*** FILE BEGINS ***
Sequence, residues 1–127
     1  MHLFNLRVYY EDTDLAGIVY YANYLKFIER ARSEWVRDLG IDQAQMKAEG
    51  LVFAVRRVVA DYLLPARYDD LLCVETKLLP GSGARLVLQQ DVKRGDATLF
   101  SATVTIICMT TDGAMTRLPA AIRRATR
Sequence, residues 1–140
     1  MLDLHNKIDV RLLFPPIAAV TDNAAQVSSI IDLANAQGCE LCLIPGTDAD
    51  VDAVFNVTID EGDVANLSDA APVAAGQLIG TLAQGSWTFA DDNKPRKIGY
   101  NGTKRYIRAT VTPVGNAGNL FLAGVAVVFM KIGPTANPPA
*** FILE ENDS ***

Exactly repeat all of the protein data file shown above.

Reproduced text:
Sequence, residues 1–127
     1  MHLFNLRVYY EDTDLAGIVY YANYLKFIER ARSEWVRDLG IDQAQMKAEG
    51  LVFAVRRVVA DYLLPARYDD LLCVETKLLP GSGARLVLQQ DVKRGDATLF
   101  SATVTIICMT TDGAMTRLPA AIRRATR
Sequence, residues 1–140
     1  MLDLHNKIDV RLLFPPIAAV TDNAAQVSSI IDLANAQGCE LCLIPGTDAD
    51  VDAVFNVTID EGDVANLSDA APVAAGQLIG TLAQGSWTFA DDNKPRKIGY
   101  NGTKRYIRAT VTPVGNAGNL FLAGVAVVFM KIGPTANPPA